Frank Sinatra’s “Moonlight Sinatra” Reviewed
The most important thing to remember about Moonlight Sinatra is that it isn’t an earth shatterer, it doesn’t remain a lodestar in his career, it isn’t a shining anything. With a simple concept, songs about moonlight on an evening of romance, is a starry skyed treat and for his 37th solo album the artistry is in its complete ease. An album has never sounded more comfortable in its own skin. It is precisely what it is, and, from the title wordplay to his blueprint “The Moon Got In My Eyes,” this 1966 album, arranged and conducted by Nelson Riddle and his orchestra, is elegant and lovely, it is pop music for adults and a real treat.
Though the first song is a misstep… not a big misstep. “Moonlight Becomes You” is forever etched in our minds as Bing Crosby seducing Dorothy Lamour (best nom de movies ever) in 1942’s “Road To Morocco” composed by Jimmy Van Heusen with lyrics by Johnny Burke. Even past that it has to compete with Ella Fitzgerald’s 1959 Get Happy!, or, if you don’t mind fast forwarding to 1994, Mel Torme’s (who, on a major bucket list achievement, I saw at Carnegie Hall with Peggy Lee opening in 1995) A Tribute To Bing Crosby. Frank’s version here is lovely but an also ran. Nelson rearranges the song, moving the pre-chorus so it starts the entire album with:
You’re all dressed up to go dreaming
Now don’t tell me I’m wrong
And what a night to go dreaming
Mind if I tag along?
A fitting encapsule of what Frank and Nelson set out to do, the same way Small Hours takes us to his bedroom in the middle of the night, Moonlight Sinatra invites us the earlier, a mid to late evening dreamscape of pop and orchestra glory, invites us for a walk in the moonlight with a new romance. The songs are minor American Standards for the most part, “Reaching For The Moon” is not the Irving Berlin of choice though it is lovely and right, “I Wished Upon The Moon” has lyrics by Dorothy Parker but not so you would tell, “Moonlight Moon” I’ve never heard before, and then there is…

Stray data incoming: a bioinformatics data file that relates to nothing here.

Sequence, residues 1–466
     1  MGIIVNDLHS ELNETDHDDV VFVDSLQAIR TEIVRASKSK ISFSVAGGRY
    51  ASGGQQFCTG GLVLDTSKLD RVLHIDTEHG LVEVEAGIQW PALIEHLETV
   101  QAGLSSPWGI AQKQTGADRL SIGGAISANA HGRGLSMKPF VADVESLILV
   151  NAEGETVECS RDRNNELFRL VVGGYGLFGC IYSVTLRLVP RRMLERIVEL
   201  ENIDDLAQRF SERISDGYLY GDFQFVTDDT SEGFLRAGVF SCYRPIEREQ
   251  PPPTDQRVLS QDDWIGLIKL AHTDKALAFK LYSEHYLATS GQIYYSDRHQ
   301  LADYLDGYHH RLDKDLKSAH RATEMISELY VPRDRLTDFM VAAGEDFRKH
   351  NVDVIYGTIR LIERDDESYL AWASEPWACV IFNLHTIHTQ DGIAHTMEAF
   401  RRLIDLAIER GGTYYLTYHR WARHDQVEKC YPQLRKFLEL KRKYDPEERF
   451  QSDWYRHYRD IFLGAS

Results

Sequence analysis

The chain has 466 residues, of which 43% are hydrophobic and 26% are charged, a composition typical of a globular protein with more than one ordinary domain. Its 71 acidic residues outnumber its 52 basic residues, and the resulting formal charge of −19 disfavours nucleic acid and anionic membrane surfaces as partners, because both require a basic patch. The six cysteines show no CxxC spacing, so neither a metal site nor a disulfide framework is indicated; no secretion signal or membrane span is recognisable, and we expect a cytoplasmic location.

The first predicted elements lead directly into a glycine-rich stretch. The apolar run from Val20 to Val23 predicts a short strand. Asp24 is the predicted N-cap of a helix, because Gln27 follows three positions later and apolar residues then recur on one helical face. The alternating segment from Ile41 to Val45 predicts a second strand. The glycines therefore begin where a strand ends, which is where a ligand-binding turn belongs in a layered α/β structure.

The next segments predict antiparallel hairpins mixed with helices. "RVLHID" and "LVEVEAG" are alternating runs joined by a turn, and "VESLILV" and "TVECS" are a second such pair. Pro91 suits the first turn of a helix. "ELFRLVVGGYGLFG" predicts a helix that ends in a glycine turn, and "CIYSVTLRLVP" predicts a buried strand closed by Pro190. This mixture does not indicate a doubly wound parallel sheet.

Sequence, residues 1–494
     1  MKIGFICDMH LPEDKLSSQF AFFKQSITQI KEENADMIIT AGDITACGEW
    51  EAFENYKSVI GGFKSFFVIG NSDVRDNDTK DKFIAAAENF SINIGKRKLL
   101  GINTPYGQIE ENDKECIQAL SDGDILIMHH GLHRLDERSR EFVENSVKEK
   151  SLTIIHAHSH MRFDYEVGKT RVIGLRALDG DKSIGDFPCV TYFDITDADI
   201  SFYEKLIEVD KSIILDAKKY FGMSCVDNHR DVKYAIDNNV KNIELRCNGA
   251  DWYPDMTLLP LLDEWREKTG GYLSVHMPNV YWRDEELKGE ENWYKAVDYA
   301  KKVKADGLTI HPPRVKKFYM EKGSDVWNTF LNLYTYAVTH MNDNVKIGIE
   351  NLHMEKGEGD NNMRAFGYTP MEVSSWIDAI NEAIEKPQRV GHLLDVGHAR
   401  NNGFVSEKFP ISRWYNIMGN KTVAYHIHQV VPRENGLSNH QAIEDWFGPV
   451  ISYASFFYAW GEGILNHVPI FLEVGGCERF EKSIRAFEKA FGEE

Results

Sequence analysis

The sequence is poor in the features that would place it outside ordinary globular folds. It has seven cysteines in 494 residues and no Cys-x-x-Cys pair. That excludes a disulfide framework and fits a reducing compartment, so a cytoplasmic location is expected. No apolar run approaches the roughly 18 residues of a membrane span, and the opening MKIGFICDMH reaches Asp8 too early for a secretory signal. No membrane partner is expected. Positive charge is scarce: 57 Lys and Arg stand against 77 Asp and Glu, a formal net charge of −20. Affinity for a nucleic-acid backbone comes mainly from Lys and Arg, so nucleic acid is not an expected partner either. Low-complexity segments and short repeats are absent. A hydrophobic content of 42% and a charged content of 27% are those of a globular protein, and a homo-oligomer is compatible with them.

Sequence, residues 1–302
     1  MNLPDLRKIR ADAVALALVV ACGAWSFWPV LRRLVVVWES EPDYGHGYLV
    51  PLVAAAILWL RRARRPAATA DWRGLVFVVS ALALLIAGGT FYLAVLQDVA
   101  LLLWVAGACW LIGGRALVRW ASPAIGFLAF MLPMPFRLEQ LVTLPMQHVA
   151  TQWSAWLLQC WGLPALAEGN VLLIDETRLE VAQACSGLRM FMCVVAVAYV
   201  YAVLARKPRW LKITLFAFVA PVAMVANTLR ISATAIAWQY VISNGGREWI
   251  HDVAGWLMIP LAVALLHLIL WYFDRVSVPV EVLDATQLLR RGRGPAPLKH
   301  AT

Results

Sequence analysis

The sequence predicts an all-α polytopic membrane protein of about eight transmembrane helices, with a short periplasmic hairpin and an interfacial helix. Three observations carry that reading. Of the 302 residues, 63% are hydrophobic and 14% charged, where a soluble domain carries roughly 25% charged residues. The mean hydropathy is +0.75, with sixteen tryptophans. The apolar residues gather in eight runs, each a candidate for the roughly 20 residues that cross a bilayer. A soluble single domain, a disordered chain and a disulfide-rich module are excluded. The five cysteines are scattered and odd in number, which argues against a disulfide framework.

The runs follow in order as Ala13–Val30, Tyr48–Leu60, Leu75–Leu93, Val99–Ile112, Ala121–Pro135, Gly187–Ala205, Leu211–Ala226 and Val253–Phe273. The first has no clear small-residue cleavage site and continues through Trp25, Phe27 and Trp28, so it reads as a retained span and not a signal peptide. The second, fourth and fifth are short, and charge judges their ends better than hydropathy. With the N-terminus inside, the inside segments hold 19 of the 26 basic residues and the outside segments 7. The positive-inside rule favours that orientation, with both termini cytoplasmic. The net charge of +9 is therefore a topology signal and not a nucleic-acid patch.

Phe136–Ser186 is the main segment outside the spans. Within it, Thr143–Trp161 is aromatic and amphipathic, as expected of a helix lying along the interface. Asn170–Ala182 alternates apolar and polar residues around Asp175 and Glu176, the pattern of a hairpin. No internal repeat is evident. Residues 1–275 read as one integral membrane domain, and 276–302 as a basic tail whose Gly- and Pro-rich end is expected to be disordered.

If “Moonlight Becomes You” is fine but not the best version you will ever hear, it takes another Crosby song, “The Moon Got In My Eyes” from the 1937 (somewhat iffy) movie “Double Or Nothing”. Crosby sang it with a vocals only orchestration so relatively low hanging fruit for Sinatra, who plucks it with ease and reforms it as an answer to “Smoke Gets In Your Eyes”. The beautiful mix of wryness and sadness is maintained impeccably on the album highlight.
If the rest of the album isn’t that, what it is how you take one of popular music’s greatest collaborations and give it a zen like ease. Frank’s previous album, The Man And His Music (here), was, between the CBS Special and the two major conductors, the Frank has a cold stuff, a chance to watch him sweat it out, to work hard at his discipline. Moonlight isn”t, it is so disciplined that it works through the songs and the concept with sublime ease. It moves from the string arrangements of Riddle’s band who are both here and there, at service to Sinatra who seems to glide through the songs. If you hear Frank’s opening to “Moon Song” you both hear him push and you hear him lean, strong and then laid back to the hook. The penultimate comes as close as Sinatra gets to paying back the song title with “Moon Love” adapted from not Beethoven but Tchaikovsky’s Fifth Symphony, and it is a fine take, like most everything here Sinatra doesn’t make it his own but he makes it perfect. And Sonny Burke (who wrote the songs for Disney’s “The Lady And The Tramp”) learns nothing from George Martin on using eight tracks, but that is perfect as well.
The songs work, the concept works, Linda Ronstadt would have died if Nelson Riddle had given her as much trust and bedrock as he provides Frank, and the entire half hour worth of songs is a life improving experience.